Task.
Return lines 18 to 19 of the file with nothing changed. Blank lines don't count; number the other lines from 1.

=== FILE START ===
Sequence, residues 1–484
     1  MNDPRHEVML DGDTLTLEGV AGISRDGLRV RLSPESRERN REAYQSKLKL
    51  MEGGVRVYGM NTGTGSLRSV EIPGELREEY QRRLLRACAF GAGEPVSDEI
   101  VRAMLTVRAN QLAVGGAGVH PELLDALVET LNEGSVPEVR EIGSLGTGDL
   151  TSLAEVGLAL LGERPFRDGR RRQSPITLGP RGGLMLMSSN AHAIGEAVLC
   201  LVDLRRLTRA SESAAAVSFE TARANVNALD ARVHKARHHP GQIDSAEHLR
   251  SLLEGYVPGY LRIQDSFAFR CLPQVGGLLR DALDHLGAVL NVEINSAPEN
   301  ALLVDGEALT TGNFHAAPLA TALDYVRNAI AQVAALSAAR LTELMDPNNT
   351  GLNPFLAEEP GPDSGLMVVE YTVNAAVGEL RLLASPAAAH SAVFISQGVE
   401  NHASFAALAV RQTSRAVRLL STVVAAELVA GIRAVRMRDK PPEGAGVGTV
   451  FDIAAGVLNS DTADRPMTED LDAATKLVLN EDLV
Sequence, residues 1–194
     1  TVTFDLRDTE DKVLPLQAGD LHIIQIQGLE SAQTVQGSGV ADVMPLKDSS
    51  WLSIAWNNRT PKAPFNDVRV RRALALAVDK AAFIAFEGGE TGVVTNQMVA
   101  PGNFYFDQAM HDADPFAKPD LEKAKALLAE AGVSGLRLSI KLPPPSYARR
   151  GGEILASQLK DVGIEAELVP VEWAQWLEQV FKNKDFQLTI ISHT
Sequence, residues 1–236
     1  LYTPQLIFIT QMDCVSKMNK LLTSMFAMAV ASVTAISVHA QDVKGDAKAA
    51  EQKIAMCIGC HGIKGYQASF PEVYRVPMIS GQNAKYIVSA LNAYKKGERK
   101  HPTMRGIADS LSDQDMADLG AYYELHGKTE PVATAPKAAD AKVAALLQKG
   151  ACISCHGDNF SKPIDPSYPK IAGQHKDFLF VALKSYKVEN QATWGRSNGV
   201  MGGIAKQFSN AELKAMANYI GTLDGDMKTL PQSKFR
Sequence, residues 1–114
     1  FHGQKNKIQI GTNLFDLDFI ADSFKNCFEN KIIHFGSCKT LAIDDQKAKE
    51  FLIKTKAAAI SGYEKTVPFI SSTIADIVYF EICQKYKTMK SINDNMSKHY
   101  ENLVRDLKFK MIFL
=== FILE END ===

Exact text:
     1  LYTPQLIFIT QMDCVSKMNK LLTSMFAMAV ASVTAISVHA QDVKGDAKAA
    51  EQKIAMCIGC HGIKGYQASF PEVYRVPMIS GQNAKYIVSA LNAYKKGERK